There are nine retreat rooms and five hermitages along with dozens of places to look out over the ocean or stroll in solitude on the forested trails. One walk takes you by Limekiln Canyon, where lime was once fired to make concrete for San Francisco after the 1906 earthquake. The wildlife roams freely here; you can spot everything from bobcats to coyotes, and the monks say they occasionally hear wild turkeys gobbling while they pray. Speaking of prayer: The monks have their own style of chanting composed just for their monastic congregation. The public is invited to join them for morning lauds and evening vespers.
The New Camaldoli Hermitage can only be accessed by a steep, one-lane road that ascends to an elevation of 1,300 feet. The Hermitage offers more than just rooms with a view—you’ll receive insight into living a life of gratitude, work, and harmony with mankind, what the monks call “blessed common belonging.” And the homemade Holy Granola (available in the gift shop) is one of the best souvenirs you can take home from a trip.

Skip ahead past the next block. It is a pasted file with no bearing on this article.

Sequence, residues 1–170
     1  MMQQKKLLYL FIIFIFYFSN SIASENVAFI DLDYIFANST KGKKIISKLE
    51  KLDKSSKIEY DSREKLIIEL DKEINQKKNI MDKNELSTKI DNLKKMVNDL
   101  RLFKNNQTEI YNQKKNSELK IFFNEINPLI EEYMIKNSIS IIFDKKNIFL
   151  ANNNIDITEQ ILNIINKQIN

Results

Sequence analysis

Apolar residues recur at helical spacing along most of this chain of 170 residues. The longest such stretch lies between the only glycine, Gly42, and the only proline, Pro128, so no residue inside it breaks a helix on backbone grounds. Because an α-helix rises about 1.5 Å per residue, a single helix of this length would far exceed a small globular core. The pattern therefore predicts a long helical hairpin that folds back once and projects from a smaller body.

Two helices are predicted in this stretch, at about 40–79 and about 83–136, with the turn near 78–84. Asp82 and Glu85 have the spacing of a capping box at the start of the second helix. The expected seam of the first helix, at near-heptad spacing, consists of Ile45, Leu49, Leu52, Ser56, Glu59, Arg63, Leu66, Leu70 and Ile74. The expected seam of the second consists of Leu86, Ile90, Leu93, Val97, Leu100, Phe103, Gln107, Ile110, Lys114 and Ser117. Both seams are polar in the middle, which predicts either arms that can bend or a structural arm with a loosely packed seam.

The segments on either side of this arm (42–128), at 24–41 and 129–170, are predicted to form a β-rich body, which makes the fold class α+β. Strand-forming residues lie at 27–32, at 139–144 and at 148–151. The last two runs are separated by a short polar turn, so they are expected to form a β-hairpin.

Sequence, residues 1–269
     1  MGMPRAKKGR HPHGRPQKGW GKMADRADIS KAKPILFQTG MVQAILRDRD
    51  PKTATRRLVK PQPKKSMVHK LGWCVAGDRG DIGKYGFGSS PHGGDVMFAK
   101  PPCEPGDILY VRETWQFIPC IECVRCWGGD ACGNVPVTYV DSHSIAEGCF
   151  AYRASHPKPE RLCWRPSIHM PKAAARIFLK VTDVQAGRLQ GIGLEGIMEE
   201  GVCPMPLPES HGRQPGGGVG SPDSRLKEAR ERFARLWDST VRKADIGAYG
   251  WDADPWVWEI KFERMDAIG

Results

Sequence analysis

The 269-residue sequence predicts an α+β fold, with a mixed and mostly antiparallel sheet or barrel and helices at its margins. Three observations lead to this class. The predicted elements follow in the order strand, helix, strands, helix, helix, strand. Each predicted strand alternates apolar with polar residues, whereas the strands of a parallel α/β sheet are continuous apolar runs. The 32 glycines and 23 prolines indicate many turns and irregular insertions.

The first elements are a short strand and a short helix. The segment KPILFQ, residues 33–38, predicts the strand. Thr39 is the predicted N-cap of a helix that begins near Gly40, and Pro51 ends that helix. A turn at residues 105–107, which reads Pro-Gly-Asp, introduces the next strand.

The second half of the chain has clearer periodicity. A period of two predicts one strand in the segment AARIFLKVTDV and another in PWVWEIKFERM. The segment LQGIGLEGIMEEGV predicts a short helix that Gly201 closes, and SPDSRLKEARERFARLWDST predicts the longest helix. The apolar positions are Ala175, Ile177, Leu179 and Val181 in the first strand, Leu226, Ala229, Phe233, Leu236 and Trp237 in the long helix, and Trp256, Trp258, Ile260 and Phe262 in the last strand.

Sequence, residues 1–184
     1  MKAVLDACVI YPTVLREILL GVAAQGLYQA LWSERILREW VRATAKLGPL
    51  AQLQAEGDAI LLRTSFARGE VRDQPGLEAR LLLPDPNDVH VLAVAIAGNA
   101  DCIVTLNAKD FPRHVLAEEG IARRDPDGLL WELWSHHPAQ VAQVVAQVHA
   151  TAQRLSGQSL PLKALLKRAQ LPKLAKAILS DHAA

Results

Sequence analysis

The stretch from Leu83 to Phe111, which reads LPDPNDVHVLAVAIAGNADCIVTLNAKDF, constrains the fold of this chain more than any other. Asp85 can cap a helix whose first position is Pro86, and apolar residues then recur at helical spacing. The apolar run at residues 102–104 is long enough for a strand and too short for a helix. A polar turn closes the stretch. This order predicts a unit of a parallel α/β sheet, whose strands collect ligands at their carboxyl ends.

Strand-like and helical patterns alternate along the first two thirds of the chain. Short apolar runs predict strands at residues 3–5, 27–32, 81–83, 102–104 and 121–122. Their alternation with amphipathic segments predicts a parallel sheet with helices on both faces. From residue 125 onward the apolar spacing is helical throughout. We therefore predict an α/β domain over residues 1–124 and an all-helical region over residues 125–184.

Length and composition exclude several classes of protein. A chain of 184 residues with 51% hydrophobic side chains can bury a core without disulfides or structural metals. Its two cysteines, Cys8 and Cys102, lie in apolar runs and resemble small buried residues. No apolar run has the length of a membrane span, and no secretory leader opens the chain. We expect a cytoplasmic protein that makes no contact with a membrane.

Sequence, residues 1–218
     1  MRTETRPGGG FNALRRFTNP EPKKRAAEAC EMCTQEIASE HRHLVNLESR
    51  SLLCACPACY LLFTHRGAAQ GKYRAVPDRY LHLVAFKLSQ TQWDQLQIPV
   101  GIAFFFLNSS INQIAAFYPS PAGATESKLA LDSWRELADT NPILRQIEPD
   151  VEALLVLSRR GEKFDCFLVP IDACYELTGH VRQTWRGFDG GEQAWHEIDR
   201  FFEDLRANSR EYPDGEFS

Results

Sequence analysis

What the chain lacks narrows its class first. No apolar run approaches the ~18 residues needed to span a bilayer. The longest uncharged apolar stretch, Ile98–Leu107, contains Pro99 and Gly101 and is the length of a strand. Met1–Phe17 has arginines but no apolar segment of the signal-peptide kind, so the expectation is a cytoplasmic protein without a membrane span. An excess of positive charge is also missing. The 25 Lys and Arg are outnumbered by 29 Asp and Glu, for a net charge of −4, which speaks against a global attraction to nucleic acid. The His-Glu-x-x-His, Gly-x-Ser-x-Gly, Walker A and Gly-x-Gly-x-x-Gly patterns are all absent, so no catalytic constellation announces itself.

Private rooms start at $135 per night and include three meals daily. contemplation.com.
Meditation Centers in Marin County
Two options for nourishing body, mind, and soul in the North Bay.
Green Gulch Farm, Muir Beach
A one-time ranch turned organic farm, this 115-acre property runs through a fertile valley to the ocean and offers zen meditation, study, and practice. For overnight visitors, there’s a retreat center and Japanese guesthouse, along with a teahouse. Muir Beach is only a 20-minute walk away, and Muir Woods and the Golden Gate National Recreation Area are easily accessed by nearby trails.
Single-occupancy room rates (meals included) start at $100 per night with a two-night minimum. sfzc .org/practice-centers/green-gulch-farm.
Spirit Rock Meditation Center, Woodacre
The teachings of the Buddha and meditation are the focus of this 411-acre refuge in West Marin County. Spirit Rock includes everything from drop-in classes to residential retreats lasting anywhere from three days to two months or longer. Residential retreats are usually in groups of 30 or more.
Prices vary by retreat program. spiritrock.org.